The rise of tele-trials in Australia: “It’s no longer a matter of ‘Is it possible?’. It’s more about ‘How is it possible?’”
The impact of COVID-19 on clinical trials
When COVID-19 reached Australia, no clinical trials were allowed to begin, and ongoing trials stopped recruiting. The safety of patients was prioritised, as we did not know much about the virus and the risk it posed to society. Current trials had to quickly shift to using remote systems.
After some time, trials began recruiting again and were able to start as normal with solutions in place to ensure the safety of those involved in the research.
Tele-trials and how they work
COVID-19 accelerated the uptake of tele-trials in Australia, supported by the availability of remote monitoring, telehealth and medicines delivery.
Tele-trials were initially conceived by the Clinical Oncology Society of Australia’s (COSA) Rural and Regional Group before the pandemic, to improve the access of remote and rural communities to clinical trials for cancer treatments.
Trials are conducted within ‘clusters’, where primary sites and satellite sites work together using telehealth.
- The Principal Investigator is responsible for the trial coordination of the cluster at the primary site with contribution from satellite sites. The primary researcher is responsible for educating satellite site participants and ensuring that the satellite site healthcare team understand their responsibilities.
- The satellite sites give access to primary care, the ability to check vitals, and a pharmacist able to supply the (sometimes) non-registered therapy to the participant.
Medicines Australia works across industry and with Federal and State Governments to strengthen the policy and regulatory environment that will encourage more clinical trials, and increasingly the take-up of tele-trials, to come to Australia. There is big potential to take advantage of the clinical trial sector in Australia for tele-trials. In 2019 alone, there were 1,820 ongoing trials in Australia, a 22% increase on 2015. This contributes an estimated $1.1 billion a year to the economy.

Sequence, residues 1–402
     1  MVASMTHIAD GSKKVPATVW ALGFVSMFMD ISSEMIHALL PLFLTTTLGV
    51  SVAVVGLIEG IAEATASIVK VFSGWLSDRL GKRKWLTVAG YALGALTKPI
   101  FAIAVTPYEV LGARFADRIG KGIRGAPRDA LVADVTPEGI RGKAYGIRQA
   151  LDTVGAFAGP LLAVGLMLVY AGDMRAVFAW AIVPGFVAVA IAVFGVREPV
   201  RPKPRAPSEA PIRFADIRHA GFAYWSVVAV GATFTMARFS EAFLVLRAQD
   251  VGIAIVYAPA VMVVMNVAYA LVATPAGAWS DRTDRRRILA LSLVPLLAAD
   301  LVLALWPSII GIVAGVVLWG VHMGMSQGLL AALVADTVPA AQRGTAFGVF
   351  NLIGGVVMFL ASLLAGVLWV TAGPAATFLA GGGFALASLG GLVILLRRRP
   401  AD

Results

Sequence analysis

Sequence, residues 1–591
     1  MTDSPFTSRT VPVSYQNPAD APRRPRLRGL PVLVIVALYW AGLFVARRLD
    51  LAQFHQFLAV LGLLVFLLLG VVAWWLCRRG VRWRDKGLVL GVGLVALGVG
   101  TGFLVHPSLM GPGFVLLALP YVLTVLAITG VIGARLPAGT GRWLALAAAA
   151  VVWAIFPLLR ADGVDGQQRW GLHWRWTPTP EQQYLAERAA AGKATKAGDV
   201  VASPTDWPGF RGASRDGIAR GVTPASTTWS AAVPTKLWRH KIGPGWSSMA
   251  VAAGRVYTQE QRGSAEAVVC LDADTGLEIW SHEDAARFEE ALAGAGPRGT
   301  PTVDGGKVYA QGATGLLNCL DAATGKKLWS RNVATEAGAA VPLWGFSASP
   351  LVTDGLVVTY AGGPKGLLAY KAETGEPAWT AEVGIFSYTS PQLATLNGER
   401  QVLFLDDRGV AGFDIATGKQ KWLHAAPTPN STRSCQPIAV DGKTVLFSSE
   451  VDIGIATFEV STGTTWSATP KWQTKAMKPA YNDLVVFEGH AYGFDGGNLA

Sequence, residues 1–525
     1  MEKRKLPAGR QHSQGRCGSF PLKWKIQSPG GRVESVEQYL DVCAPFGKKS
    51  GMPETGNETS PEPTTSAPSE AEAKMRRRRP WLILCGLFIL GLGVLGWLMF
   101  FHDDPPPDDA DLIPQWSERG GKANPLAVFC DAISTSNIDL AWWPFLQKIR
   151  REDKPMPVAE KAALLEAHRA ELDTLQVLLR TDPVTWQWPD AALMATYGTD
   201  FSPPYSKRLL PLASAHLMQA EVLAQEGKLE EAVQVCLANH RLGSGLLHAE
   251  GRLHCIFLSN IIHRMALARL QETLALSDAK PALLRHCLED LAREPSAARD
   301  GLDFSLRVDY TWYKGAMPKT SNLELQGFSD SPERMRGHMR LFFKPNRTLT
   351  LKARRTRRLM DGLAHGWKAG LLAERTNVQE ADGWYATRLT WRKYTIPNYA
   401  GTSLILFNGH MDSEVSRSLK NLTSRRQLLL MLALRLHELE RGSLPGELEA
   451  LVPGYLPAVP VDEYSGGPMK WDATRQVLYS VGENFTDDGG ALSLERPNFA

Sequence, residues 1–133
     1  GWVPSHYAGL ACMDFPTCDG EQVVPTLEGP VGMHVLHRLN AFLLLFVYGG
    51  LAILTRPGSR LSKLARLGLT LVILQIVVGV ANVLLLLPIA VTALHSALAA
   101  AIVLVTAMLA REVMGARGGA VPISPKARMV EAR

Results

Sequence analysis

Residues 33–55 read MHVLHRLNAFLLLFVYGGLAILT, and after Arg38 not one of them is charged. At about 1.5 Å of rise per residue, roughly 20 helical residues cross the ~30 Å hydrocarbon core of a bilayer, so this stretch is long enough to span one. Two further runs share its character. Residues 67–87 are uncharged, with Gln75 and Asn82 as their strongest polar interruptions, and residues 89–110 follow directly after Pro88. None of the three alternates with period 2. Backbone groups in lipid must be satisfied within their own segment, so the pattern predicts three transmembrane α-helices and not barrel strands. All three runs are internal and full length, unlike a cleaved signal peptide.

The organisation, which represents the innovative medicines industry, is encouraging healthcare companies to embrace tele-trials in future set-ups: “We believe it’s no longer a matter of ‘Is it possible?’. It’s more about ‘How is it possible?’”
“We are currently working with state governments to finalise standard contract templates to allow healthcare companies to easily set up a tele-trial moving forward,” reinforces the organisation.
The challenges to overcome
Some Phase I trials require specialised equipment and intense monitoring of participants, so may not be suited to the tele-trial model.
Management and transport of the medicinal product at satellite sites is an important consideration. Some trials use unregistered medication, so it is essential to know how that compound or medication was stored and travelled (e.g., temperature).
Zoe Armstrong, Clinical Research Director at MSD, said: “It’s complicated with unregistered medication. There is still a little bit of work to do on how to move unregistered medication around. Couriers need to know what they are shipping, so we need to tell them that the delivery is blinded! Open-label clinical trials are going to be able to transition to the tele-trial model more quickly.”